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MT 8 May 2016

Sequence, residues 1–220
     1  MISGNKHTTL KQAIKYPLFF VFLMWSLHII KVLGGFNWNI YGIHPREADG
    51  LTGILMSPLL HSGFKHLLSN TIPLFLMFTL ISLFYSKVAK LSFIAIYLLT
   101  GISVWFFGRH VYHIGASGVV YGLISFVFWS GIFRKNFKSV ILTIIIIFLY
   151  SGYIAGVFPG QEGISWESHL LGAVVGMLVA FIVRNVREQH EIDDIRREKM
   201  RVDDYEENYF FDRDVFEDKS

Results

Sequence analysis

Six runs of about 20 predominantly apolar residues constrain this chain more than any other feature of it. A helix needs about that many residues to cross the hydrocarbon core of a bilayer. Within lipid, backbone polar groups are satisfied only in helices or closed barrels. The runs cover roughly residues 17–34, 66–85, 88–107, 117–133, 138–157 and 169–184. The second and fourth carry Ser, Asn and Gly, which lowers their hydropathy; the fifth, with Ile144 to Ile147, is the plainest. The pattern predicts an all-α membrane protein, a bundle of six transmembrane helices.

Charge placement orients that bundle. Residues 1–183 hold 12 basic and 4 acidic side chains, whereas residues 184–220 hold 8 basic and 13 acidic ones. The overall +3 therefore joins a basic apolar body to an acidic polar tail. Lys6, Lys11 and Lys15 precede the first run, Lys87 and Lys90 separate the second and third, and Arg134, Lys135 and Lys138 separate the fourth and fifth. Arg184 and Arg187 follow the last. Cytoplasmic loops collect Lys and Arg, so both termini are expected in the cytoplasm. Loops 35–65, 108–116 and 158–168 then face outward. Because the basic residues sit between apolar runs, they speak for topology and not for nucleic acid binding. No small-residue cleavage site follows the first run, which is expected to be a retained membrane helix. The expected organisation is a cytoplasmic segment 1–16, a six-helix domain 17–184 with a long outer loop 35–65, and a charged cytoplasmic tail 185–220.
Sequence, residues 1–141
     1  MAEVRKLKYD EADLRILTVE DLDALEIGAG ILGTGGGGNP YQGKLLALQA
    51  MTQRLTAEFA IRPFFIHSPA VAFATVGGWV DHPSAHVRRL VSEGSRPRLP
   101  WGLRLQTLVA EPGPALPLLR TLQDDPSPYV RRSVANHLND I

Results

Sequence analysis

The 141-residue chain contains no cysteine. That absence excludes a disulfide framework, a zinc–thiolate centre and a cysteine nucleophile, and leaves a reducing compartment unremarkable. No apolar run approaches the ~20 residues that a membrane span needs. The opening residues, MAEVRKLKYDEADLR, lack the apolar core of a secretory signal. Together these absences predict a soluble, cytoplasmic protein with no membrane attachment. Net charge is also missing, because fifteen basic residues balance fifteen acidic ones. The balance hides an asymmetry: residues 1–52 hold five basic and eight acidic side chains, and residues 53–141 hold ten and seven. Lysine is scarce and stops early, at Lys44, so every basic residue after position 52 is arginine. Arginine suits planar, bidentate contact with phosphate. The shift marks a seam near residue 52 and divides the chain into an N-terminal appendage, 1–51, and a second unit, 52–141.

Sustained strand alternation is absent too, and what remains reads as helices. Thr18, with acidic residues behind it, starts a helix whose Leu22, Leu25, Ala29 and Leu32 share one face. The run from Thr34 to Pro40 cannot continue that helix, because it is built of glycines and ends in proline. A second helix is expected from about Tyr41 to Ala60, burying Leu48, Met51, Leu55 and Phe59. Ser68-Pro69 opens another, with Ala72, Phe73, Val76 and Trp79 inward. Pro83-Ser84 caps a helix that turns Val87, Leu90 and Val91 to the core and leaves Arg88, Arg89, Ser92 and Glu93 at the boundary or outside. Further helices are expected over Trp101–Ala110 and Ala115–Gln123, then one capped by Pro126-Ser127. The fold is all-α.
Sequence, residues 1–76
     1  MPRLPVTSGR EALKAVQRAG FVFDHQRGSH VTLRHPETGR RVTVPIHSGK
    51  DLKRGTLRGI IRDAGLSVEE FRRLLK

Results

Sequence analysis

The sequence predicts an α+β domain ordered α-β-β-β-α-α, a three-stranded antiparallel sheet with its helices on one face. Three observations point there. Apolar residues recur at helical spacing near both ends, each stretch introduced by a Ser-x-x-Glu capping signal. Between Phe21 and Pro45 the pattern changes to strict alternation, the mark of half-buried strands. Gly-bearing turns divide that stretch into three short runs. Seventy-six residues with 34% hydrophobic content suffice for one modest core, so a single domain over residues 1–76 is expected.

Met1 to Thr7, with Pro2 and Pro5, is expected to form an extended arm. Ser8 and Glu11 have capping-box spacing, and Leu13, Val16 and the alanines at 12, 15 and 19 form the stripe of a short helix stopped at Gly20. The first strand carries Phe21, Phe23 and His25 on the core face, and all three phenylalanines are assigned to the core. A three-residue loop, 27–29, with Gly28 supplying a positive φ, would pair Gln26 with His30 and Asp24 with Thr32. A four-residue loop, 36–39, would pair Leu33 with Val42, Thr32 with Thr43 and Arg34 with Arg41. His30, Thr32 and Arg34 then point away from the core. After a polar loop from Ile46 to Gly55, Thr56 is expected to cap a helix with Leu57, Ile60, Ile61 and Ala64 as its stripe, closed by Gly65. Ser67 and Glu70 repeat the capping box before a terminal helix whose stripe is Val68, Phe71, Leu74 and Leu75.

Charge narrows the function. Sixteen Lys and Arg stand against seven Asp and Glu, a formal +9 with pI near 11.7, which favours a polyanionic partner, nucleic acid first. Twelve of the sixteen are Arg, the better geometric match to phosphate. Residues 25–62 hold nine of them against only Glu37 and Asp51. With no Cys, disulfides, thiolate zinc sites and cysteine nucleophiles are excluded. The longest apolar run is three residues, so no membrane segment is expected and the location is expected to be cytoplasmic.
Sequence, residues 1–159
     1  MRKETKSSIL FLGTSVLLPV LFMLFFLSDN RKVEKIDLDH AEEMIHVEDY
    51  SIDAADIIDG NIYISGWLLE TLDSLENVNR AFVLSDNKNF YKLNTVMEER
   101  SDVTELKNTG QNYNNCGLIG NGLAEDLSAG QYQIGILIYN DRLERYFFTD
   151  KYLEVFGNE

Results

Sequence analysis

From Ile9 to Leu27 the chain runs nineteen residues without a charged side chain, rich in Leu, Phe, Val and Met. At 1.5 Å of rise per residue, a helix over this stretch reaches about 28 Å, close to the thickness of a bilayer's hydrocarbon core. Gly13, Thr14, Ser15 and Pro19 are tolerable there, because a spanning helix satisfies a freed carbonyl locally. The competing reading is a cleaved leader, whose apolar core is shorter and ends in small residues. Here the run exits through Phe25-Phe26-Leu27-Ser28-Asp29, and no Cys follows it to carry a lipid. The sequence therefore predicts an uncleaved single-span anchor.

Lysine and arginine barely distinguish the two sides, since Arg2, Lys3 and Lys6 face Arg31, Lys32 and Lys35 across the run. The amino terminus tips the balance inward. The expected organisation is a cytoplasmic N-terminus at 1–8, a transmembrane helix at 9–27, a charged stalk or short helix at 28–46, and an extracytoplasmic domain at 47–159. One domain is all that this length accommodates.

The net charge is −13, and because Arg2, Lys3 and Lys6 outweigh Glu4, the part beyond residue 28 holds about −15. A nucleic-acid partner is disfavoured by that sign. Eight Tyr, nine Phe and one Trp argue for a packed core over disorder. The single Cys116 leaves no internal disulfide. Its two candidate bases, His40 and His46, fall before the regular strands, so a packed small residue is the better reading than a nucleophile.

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maltatoday, SUNDAY, 8 MAY 2016 8 JURGEN BALZAN AN investigation by Italian authori- ties has put Malta at the centre of a criminal activity in which thousands of tons of conventional wheat, corn, soybeans, rapeseed and sunflower seed were being imported from non- EU countries and exported to Italy as organic or biological products. The operation, dubbed 'Vertical Bio', was conducted by Italy's Central Inspectorate for Quality Protection and Repression of Agri-Food Frauds, the Guardia di Finanza (Financial Police) and the Attorney General of the central Italian town of Pesaro. Police investigations concluded that two criminal organisations formed by Italian entrepreneurs were involved in the import and sale of organic products in central Italy. The fraudulent activity was related to imports of grains intended for processing and foodstuff for human and domestic animals consumption from a number of countries, namely Moldova, Ukraine and Kazakhstan, directly towards Italy or through Malta, Slovenia and Romania. The grains, which at times con- tained GMOs and banned pesti- cides, are certified as organic or bio by the regulatory bodies in Moldova, Ukraine and Kazakhstan. Once the grains reach Malta, a Maltese registered company exports the produce to Italy. The lax controls in Malta allowed the company to circumvent the stringent controls in Italy and the goods could be sold in Europe without being inspected and certified again. Between 2007 and 2013, the com- panies involved imported some 350,000 tons of corn, soybeans, wheat, rapeseed, and sunflower seeds, at an estimated market value of €126 million. The Maltese registered company, Delva Corporation is owned by Leia Alvarenga and Stefano Detassis and is housed at Manoel Block, Flat 17, Il-Qasam ta' San Gorg, St Julian's. Two other companies are registered on the same address, Omnia Cert Ltd, which is in dissolution, and At- las Check. These companies were founded by Bruno D'Aprile who, according to the Italian investigators, is the mas- termind behind the illegal operation. According to the pre-trial deten- tion order, the septuagenarian "plays a prominent role in the system de- vised for the marketing of products falsely marked as organic, and he is in constant contact with the other co-accused." The Italian authorities also con- cluded that D'Aprile was the found- er and substantial director of the Maltese control bodies Omnia Cert and Atlas Check and of the trading company Delva Corporation and was the reference point of the en- tire group in terms of operational choices, technical information and instructions. The preliminary report compiled by the Pesaro judge in charge of in- vestigations said that "D'Aprile con- trols both the Maltese regulatory body, the Malta Competition and Consumer Affairs Authority (MC- CAA), and Delva Corporation al- though it is directed by Detassis and linked to Federici Marcello." While questions sent to the MC- CAA were redirected to the Direc- torate for Agriculture, the latter had not given its reaction by the time of going to print. D'Aprile is regarded as the one who "holds the reins" and is a con- tinuous intermediary between the criminal organisations and govern- ment authorities within the coun- tries involved. Two years ago, Detassis was ar- rested in Sardinia over a shipment of Moldovan corn which was found to contain GMOs. Pleading his inno- cence, Detassis claimed that the car- go was damaged by seawater aboard the Turkish cargo ship, adding that Maltese authorities inspected the corn and confirmed that there was nothing wrong with it. In 2010, Detassis bargained with the prosecutor in Verona over a three-month prison sentence for fal- sification of an invoice. The sentence was suspended on probation and shortly after Detassis returned to do- ing business in the organic industry. Detassis, was also involved in the biggest scandal involving counter- feit organic food in 2011, with some 700,000 tons of conventional corn and soybean passed for pure organic products, with some products reach- ing Germany. In the interview with German newspaper Die Tageszeitung, Detas- sis rejected accusations of wrongdo- ing and said that "only two Delva Corporation shipments of organic corn and soybean left Malta in 2012, and these were not challanged by the Maltese authorities, who had care- fully checked the goods." The Pesaro prosecutor Silvi Cecchi however said that the Moldovan and Maltese authorities did not cooper- ate in the investigation, adding "we do not know whom we can trust, we fear that local authorities could be involved." News Malta at the centre of organic food fraud MALTA MOLDOVA UKRAINE KAZAKHSTAN ITALY Conventional grains arrive in Malta from Moldova, Ukraine and Kazakhstan and these are then exported to Italy as organic products Once the grains reach Malta, a Maltese registered company exports the produce to Italy. Lax controls allowed the company to sell the goods in Europe without being inspected and certified again

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